Monday will mark the first day of the nine-day road show to entice tech investors to bite at the projected $10 billion social gaming site's initial public offering.
Zynga has been struggling to keep buzz about its efforts to raise funding positive, especially as the company has been revalued several times in the process.
Zynga initially filed papers with the SEC in July and investment professionals have changed their valuation of the company several times -- starting at $10 billion, then jumping closer to $20 billion, down to $14 billion, then $10 billion again -- and now that the IPO is expected on the Dec. 15, Zynga is being valued, at closer to $7 billion. This amended valuation is seven times the companies revenue over the last 12 months. (Read: Bambi Francisco noted in an ealier commentary piece that Zynga's IPO would not go out at the estimated $20 billion.)
The price range expected for trading, according to the latest Friday morning SEC filing, will be between $8.50 and $10 per share.
Offering 100 million shares, Zynga aims to raise over $1 billion. Zynga plans to list on the Nasdaq under the symbol ‘ZNGA.’ At the high end of the range, Zynga would be valued at around $7 billion.
Pricing a company on the cusp of IPO is no clear-cut task, and when you add the fire of being the next hot offering, everyone has an opinion.
I spoke with Lou Kerner, a social media analyst with the trading service Liquidnet, he explained that investment bankers that set out to value these hot IPOs have "a tough job ahead of them in valuing these companies." While investment banks want to be fair and encouraging to the companies they are valuing (to assure that the price is set to put their shares in the hands of the long-term shareholders), they also cater to their best clients, the hedgefunders (that, by their nature, want the shares priced so that they will jump in early trading.)
Because of the recent buzz over the newly public LinkedIn and Groupon, pricing Zynga must be weighed carefully so that they capture the ideal 10-30% growth can be captured the first few weeks of trading.
"Groupon saw massive demand for shares in the early days of trading, which made people think that it was priced below value," said Kerner. "But now that it has been trading lower and the market has had time to steady out, people now talk about it being over priced -- and people don't want Zynga to fall to the same fate."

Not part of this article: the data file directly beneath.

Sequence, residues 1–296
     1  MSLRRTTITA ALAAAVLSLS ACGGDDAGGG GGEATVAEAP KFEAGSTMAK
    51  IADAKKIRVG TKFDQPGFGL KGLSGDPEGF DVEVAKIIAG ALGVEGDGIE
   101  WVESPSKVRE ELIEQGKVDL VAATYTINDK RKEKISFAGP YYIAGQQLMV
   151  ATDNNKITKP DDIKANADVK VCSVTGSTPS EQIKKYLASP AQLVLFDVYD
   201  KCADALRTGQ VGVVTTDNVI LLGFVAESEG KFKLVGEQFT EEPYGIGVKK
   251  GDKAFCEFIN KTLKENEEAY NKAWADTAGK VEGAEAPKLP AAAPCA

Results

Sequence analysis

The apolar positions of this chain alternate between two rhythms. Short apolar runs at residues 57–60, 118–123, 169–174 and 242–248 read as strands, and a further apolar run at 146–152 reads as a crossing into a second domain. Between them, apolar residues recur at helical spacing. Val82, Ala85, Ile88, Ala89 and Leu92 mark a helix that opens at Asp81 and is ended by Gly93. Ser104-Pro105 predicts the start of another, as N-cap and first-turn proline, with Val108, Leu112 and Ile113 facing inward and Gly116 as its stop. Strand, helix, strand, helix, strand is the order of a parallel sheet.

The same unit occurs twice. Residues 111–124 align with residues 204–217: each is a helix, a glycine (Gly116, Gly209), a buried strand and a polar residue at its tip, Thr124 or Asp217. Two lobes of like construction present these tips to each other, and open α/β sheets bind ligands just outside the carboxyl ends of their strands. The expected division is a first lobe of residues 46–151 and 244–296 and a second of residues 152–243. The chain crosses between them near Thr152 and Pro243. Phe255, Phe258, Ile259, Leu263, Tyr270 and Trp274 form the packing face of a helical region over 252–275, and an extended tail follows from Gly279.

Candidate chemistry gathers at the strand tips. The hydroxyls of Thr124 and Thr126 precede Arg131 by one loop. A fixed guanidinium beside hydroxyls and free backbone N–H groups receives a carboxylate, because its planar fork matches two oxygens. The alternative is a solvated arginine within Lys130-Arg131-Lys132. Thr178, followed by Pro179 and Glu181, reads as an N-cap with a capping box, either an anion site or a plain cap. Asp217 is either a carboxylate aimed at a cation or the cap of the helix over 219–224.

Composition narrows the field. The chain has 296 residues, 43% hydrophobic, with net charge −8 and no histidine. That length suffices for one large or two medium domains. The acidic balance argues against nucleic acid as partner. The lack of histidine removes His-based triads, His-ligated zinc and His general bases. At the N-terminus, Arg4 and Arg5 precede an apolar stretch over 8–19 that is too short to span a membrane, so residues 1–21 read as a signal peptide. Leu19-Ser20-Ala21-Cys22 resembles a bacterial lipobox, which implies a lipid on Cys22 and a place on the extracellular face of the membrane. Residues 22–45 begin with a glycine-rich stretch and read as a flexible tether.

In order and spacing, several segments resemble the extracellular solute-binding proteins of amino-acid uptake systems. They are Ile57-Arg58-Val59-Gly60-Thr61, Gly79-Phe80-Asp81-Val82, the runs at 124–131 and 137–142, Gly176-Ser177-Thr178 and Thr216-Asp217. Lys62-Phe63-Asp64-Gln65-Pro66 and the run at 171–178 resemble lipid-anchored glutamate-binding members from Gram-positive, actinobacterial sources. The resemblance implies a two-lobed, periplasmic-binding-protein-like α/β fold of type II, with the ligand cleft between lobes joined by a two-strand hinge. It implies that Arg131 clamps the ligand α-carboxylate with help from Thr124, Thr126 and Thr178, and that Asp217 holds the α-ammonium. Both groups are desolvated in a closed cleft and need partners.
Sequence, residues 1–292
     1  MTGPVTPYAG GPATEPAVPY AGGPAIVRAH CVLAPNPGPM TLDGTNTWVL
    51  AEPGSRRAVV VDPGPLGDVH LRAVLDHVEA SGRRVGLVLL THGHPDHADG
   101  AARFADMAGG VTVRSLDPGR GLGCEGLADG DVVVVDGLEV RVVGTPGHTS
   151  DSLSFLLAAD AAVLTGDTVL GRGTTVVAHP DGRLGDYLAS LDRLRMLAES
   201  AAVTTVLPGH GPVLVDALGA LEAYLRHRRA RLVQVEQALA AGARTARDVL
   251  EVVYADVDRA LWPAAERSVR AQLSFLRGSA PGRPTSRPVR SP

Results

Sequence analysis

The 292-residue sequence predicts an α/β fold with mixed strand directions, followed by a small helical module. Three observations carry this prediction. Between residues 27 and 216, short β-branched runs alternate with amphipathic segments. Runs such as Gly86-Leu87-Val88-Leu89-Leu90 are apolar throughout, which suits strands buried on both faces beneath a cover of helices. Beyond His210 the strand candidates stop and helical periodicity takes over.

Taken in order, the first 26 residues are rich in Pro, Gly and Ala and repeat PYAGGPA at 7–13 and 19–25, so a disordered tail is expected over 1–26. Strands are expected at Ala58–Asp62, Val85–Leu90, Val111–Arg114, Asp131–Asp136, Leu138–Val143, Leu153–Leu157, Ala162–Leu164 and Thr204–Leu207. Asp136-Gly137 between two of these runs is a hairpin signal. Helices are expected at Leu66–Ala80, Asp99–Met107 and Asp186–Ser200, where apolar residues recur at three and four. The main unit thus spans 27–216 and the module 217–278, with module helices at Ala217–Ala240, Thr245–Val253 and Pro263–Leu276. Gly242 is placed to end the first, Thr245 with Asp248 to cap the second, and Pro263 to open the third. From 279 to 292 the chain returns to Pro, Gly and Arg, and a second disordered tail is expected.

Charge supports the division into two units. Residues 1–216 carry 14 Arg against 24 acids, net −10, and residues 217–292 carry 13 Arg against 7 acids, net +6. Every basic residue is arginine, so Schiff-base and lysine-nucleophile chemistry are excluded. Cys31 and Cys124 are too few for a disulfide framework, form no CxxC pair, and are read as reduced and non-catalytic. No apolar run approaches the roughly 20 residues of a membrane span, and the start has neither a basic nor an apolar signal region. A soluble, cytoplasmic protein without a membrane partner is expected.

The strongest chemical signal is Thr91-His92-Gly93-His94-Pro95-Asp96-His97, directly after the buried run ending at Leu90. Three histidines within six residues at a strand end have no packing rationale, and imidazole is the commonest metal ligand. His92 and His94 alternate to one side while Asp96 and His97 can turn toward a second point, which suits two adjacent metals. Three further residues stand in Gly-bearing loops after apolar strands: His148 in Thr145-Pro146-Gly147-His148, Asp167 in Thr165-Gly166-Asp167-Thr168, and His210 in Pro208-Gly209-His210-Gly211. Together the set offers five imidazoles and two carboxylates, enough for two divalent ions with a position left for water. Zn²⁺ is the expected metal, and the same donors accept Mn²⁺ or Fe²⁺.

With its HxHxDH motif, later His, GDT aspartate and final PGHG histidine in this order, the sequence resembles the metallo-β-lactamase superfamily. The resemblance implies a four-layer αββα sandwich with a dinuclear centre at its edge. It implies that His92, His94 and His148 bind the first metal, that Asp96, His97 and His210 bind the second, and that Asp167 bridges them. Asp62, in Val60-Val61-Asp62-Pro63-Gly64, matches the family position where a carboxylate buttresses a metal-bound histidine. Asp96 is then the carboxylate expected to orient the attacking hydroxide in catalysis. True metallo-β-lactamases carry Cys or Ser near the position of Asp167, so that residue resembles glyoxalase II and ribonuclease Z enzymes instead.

Currently, the gaming giant Electronic Arts Inc. has a market value of $7.6+ billion and has built an empire on gaming consoles and multiple platforms, which still leaves many scratching their heads on how the digital social gaming company that is so dependent on Facebook could be valued higher -- and there are no clear answers.
With the San Francisco-based company looking to open its IPO in a matter of days, it is time for them to drum up the desire for at least 100 million shares from investors looking to hold on for more than the enticing first few moments of trading.
Questioning the revenue
While Zynga is running a profitable business model, investors and competitors are questioning how much more growth it can experience with its dependance on the Facebook platform and its credit system.
Zynga has amended its SEC filing several times to change the way it is calculating its usership and revenue model, thus raising red flag to investors. Despite amendments, the company has gained revenue but the trend of growth is what has been slowing in recent quarters.
Zynga has seen growth in annual revenue from $19.4 million in 2008 to $597.5 million in 2010. Even the first nine months of 2011 showed the continued growth, but at a slowing pace, when the company generated revenue of $828.9 million.
With Facebook pocketing 30% of the virtual credits purchased on its platform and amending its gaming system to cost developers an arm and a leg to perform on the site, Zynga has been fighting to prove that it has legs and can bring its users to the other screens that players work on.
Zynga’s games have somewhere in the range of 54 million daily active users and 227 million monthly active users in 175 countries -- but, again, mostly via Facebook.
A recent study by XyoLogic, an application data collector, showed that Zynga is failing to penetrate the new hot space of gaming: mobile. The only two games that have shown sustained market success on mobile applications have been Words with Friends and Hanging With Friends, both of which are far less competitive on the in-app purchasing front and are two-person games compared to the multi-player environments of the CastleVille and FarmVille games.
In order for Zynga to pull ahead in this public debut, it will need to really sell up the stickiness of its usership and the elastic nature of the in-app purchasing credits that its players are willing to dole out for more bridge-building material and food for its virtual hens, because that is the company's strength. Social gamers are willing to pay to play and willing to watch ads for credits.
Virally, Zynga has a lot of strength, as long as they learn how to leverage it through sophomore slumps. One of the greatest facts working against the company is that it hasn't been tested by the greatest factor of all -- time. I have no doubt that Zynga has the tenacity to get growth back on track and find more revenue to support it, but that does;t mean it won't see some sporadic action the first few days of trading.
If Zynga can get investors on board for the long-haul and ramp up its mobile usership it will likely be more successful than LinkedIn, but if not it would easily slip below Groupon standards, possibly just as quickly too.